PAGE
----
Race morning.  Of course I miscalculated how long it would take to get to the race. It was one road with 1,500 athletes and families trying to get to the beach.  My friends G&D were driving me and I think I gave them a little heart attack when I yelped when I saw a cyclist ride by with the name “SMYERS” printed across her butt.  Oh My God!!  I think that was Karen Smyers!!  I didn’t know she racing.  She is my number one inspiration for getting through the last year.  She is a professional triathlete known for overcoming several obstacles including a bike crash that left her with broken bones and punctured lung as well as having the same Thyroid condition I had.

As it turns out my bike rack was right next to her bike rack — only about 20 bikes separated us.  I thought it would be bad form to go up to her as she was getting prepared to race but then I thought, how often does an opportunity like this come up?  I swallowed my pride and went up to her and excusing myself said “I just had to let you know that you were my number one inspiration for getting through this past year.  I had the same diagnosis and treatment as you and I looked to you to be my role model to get through it.”   She was so nice and thanked me for telling her.  I told her “Two weeks ago was my one year anniversary and I did a half Ironman and today I’m doing a second and you were my inspiration to get through it all.”  She looked at me with a little concern.  For a fleeting second,  I thought she was raising her hand to my head to take my temperature, instead she asked with true concern “how are you feeling?”  I told her pretty good, just not as strong yet but I still look to her as my role model.  (Of course I thought it was funny noting she is soooo tiny as I said that.)  She said “that’s exactly how I got through it, I had a role model I looked to and I just kept going.”  Then I decided that I should probably leave her alone since we both had to start our race and it really wasn’t cool to bother someone right before the race.   She could have been a real jerk about it but she wasn’t.   It was only a minute but it was a huge moment for me.  It was a sign!!  (Wait a minute, my pink cap at IMLP was a sign too, right?  Better not read too much into these signs…)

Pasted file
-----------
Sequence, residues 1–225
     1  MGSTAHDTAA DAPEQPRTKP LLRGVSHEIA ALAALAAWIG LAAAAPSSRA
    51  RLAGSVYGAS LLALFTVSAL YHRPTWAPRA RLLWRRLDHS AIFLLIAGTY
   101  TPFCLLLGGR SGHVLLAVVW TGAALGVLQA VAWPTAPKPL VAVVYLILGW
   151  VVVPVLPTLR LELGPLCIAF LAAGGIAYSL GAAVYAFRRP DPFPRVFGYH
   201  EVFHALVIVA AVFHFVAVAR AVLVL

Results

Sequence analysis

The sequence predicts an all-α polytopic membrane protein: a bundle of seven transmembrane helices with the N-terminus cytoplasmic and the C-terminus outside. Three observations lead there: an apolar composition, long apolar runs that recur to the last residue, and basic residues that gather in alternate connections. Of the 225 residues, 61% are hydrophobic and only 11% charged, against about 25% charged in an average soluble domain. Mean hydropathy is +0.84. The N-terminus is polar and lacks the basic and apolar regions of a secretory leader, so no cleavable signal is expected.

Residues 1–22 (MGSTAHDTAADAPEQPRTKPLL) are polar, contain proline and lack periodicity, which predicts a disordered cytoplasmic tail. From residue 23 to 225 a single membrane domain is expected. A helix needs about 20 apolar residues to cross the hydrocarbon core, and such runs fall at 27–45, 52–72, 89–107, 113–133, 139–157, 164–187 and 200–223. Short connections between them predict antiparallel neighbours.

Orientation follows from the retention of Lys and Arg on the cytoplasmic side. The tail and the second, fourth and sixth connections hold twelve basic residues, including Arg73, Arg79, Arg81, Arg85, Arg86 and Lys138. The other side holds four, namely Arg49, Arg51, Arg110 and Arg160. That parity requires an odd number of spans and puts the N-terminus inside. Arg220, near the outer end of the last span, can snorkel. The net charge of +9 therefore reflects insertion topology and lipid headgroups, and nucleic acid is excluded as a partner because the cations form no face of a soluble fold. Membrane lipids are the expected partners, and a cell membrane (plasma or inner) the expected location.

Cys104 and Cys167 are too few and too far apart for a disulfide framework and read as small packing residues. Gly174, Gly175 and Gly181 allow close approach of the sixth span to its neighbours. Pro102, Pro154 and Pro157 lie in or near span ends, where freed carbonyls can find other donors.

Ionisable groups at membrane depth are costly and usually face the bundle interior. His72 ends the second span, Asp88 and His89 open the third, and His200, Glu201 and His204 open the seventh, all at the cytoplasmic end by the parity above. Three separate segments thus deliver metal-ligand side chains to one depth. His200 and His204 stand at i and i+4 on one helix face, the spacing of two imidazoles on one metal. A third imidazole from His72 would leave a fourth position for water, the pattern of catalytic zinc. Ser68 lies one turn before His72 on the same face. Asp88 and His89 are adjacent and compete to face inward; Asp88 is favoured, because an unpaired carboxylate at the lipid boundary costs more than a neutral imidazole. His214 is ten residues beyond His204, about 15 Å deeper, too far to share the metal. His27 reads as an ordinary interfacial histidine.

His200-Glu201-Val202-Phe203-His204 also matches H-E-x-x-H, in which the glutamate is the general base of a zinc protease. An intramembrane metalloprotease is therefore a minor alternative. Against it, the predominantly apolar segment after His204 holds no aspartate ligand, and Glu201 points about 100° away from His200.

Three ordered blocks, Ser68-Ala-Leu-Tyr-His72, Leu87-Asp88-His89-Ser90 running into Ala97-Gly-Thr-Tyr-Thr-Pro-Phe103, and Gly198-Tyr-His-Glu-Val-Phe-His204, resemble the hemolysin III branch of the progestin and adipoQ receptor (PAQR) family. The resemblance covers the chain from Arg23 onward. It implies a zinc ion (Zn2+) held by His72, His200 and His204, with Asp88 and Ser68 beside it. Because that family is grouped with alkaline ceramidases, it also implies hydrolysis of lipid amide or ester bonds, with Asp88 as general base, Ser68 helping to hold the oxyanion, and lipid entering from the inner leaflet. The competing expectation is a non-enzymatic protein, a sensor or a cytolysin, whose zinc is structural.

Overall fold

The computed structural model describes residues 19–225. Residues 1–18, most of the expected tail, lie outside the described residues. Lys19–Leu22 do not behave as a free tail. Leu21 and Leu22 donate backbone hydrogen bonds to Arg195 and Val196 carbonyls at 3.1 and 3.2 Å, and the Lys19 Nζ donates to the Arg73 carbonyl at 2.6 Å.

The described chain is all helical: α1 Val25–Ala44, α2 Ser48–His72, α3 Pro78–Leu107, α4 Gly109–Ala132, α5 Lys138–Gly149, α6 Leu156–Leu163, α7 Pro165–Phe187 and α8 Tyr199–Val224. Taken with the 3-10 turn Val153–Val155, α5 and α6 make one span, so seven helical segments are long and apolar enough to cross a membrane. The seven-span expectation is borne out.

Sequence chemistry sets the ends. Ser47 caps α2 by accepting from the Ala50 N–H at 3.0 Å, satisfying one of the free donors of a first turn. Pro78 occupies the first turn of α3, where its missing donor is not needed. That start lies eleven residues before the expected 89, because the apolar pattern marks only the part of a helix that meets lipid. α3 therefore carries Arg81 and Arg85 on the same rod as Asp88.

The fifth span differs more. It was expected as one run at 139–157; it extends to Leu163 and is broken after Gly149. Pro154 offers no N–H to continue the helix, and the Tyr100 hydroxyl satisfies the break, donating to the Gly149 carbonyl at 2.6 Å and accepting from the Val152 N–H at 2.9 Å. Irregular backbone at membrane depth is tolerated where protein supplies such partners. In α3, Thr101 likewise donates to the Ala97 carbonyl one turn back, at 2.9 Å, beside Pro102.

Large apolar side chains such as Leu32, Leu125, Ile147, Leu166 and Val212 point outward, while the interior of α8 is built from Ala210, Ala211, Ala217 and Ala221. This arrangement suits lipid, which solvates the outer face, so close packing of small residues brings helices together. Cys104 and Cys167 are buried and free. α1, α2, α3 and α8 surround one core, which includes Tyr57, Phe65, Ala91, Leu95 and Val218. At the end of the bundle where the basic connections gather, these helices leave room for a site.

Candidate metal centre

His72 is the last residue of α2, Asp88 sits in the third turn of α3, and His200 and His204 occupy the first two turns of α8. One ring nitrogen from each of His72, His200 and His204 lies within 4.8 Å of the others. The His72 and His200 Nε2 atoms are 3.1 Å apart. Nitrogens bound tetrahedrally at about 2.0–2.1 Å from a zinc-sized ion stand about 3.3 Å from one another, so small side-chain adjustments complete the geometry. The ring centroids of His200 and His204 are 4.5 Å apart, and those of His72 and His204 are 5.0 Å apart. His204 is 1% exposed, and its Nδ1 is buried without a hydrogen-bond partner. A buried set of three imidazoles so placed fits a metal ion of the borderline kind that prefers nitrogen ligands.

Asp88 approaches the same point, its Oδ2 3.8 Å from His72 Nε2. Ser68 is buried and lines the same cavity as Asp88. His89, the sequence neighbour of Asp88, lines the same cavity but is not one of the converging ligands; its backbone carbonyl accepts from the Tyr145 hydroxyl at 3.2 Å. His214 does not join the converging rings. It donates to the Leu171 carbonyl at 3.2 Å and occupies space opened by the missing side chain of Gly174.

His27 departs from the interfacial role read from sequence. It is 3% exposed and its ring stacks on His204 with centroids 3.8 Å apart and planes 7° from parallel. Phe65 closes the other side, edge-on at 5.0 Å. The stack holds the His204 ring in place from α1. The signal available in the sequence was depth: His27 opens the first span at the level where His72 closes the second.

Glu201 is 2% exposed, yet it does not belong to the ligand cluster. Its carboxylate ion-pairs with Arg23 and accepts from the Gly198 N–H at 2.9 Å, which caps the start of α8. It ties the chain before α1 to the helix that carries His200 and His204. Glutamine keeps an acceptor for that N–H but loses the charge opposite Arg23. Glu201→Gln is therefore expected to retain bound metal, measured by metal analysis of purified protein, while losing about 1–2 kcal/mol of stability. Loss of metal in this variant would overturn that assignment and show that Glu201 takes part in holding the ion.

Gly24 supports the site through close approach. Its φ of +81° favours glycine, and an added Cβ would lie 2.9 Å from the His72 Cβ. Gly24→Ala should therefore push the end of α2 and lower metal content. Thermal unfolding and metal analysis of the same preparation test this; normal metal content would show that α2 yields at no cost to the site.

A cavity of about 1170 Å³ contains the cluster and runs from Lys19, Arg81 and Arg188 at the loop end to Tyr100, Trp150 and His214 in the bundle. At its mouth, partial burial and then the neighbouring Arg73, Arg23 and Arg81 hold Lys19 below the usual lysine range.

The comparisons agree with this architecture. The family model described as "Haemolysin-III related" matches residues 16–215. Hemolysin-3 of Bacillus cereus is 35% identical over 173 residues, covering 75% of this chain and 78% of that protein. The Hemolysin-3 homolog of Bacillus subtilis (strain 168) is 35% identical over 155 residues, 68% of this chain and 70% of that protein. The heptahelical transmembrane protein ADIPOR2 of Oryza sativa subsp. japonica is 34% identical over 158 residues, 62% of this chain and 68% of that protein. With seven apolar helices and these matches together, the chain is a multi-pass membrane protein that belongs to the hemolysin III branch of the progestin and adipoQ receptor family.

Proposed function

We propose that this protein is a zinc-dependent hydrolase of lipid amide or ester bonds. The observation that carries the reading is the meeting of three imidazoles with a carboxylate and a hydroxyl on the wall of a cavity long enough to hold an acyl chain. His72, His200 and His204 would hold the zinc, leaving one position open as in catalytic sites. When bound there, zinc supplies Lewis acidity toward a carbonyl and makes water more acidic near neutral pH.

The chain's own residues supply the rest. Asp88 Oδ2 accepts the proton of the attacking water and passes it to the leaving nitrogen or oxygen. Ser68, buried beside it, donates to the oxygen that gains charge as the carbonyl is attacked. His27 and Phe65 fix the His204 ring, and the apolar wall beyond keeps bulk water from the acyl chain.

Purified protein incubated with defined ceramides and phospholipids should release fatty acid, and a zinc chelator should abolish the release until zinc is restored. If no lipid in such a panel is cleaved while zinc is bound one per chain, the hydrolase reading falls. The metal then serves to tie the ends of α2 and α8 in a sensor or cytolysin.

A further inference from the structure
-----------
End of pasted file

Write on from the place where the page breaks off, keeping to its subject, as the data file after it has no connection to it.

I went back to my transition station thinking “I can’t believe I met Karen Smyers.  I can’t believe I actually talked to her.  Face to face.”  It’s not often you get to meet someone who had such a big influence.  When I first got diagnosed I was really devastated.  But when read about Karen Smyers and how she went back to racing and made it into the Triathlon Hall of Fame after having the exact same surgery and treatment that I had, I was so hopeful.  I read everything I could about her.  Every interview, every article.  If she could do it, I would try.